Litter can be a crime magnet
A littered area sends strong signals about behavioural expectations and gives an indication of whether the area is cared for or not. Small expressions of disorder, such as litter, are also an invitation for more serious misbehaviours.
The way whole neighbourhoods look has a strong link to wellbeing - how safe and connected people feel. Research in 2007 found that:
- People living in clean places felt safer, used more leisure facilities in the area, had friends more likely to visit and had a better quality of life all round.
- People are more likely to feel unsafe, real or not, in littered areas.
- Littered areas attract graffiti, bill posting, antisocial behaviour and crime.
Two concepts are useful for understanding the connection between litter and lack of cleanliness and crime.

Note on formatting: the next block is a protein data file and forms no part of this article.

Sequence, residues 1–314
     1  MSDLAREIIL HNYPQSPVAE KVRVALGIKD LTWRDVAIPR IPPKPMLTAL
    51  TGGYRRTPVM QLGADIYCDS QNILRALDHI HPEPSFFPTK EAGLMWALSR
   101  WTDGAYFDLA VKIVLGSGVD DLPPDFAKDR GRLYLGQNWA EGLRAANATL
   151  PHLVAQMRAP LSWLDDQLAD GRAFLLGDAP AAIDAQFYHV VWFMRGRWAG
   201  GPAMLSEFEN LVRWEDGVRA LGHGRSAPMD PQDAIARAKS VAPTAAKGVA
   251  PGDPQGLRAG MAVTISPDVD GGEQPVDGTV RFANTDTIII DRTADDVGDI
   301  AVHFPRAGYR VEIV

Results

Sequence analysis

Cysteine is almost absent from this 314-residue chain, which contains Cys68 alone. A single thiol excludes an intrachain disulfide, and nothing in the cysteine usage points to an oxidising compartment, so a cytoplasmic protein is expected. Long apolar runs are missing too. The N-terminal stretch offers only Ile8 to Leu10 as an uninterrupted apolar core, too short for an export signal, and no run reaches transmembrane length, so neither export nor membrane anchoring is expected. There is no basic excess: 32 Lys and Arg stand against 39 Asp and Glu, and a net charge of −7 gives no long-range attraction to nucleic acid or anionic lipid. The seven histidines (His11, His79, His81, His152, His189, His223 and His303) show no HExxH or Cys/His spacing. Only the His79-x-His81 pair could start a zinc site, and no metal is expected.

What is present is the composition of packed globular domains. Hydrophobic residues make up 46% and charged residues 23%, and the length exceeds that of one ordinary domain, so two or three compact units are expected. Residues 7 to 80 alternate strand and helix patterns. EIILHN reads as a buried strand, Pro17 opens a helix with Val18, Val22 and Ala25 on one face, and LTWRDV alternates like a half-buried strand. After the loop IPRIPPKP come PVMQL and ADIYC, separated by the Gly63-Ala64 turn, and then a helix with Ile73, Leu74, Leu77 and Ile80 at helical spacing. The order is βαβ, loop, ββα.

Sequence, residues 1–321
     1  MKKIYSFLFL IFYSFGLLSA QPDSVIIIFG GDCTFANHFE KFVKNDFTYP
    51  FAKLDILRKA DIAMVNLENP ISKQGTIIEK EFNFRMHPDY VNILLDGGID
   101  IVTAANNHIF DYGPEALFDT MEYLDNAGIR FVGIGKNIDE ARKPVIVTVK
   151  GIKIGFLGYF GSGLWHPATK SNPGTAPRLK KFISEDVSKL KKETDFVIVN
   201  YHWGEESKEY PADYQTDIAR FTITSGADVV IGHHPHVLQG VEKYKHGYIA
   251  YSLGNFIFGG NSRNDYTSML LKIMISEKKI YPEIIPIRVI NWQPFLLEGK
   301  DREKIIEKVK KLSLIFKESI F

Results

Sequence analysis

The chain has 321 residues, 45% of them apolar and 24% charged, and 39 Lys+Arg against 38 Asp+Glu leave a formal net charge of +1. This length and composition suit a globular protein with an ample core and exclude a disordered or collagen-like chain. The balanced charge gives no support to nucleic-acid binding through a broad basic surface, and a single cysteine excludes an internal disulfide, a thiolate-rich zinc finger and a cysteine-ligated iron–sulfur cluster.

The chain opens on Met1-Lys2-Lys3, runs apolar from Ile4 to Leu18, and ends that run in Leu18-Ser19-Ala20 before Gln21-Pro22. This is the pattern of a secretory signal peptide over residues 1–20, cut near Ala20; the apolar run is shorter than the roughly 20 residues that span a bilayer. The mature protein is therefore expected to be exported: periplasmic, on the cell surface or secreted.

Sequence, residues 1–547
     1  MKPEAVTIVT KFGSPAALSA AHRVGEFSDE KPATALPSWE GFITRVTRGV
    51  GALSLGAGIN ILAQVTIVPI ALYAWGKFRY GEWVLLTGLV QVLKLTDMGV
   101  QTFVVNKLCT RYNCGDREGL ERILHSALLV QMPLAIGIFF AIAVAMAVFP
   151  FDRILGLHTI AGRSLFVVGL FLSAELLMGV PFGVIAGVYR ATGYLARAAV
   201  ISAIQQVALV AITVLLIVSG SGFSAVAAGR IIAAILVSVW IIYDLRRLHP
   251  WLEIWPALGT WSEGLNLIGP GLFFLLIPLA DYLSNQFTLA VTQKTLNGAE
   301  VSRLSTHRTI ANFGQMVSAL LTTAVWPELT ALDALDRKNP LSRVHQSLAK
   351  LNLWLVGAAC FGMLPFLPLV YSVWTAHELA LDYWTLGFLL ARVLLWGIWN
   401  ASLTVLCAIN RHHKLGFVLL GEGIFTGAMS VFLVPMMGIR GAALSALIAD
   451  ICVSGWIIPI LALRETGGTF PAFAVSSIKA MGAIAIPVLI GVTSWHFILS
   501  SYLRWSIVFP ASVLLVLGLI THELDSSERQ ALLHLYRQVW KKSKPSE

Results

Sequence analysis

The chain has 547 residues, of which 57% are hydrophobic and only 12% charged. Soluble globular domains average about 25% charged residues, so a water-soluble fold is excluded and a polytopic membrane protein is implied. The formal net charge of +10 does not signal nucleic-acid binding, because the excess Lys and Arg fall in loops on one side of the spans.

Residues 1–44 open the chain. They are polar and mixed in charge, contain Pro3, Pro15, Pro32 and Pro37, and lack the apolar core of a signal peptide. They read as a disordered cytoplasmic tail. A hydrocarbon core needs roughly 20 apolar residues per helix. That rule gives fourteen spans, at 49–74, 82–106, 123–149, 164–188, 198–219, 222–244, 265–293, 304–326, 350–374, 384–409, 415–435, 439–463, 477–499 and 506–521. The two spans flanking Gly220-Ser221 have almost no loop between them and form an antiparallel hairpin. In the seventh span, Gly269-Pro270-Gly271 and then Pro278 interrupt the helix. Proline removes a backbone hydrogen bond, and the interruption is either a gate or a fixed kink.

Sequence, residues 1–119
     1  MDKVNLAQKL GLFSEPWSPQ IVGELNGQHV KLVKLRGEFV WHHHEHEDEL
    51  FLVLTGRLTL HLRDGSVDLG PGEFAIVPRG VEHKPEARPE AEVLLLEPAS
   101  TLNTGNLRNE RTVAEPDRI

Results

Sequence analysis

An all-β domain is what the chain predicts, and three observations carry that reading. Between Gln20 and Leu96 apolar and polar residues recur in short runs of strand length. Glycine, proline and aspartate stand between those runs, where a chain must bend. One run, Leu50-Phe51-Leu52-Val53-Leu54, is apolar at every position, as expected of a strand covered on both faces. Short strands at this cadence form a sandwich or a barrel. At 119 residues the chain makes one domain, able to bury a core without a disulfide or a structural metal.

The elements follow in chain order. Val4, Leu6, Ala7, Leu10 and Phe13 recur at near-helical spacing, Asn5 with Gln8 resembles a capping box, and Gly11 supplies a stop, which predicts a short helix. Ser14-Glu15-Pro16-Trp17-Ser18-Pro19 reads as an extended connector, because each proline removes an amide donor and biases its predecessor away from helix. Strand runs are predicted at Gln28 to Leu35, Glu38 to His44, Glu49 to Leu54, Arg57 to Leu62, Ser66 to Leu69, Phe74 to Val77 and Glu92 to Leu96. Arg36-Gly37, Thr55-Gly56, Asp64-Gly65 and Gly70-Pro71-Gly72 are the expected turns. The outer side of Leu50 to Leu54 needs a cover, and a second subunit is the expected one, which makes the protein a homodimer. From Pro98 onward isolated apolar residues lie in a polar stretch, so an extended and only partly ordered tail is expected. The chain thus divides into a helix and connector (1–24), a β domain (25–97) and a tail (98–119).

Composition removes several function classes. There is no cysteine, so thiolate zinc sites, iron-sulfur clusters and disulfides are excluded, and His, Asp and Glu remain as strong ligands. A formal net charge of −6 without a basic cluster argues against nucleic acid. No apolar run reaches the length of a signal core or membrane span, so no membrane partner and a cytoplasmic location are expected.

- The tipping point - The smaller seemingly insignificant features of a locality, such as litter or disrepair, can be the 'tipping point' for greater crimes to occur. Conversely, serious crime can be prevented by stopping smaller disorderly crimes (such as littering) from happening in the first place*.
- The broken window - In a similar vein, research in USA found that a broken window, if left broken, sends a signal that no one cares for the area and no one is in charge. This single broken window results in more being broken, leading to a series of increasingly disorderly and criminal acts**.
The message is that the presence of litter, with no observable action to prevent or deal with it, can lead to crime - from the petty crime of adding more litter, to serious crime.
* Gladwell, M. 2000. The Tipping Point. USA: Little, Brown and Company.
** Wilson, J.Q. and Kelling, G. 1982. Broken Windows: The Police and Neighbourhood Safety. March. Atlantic Monthly. 29-38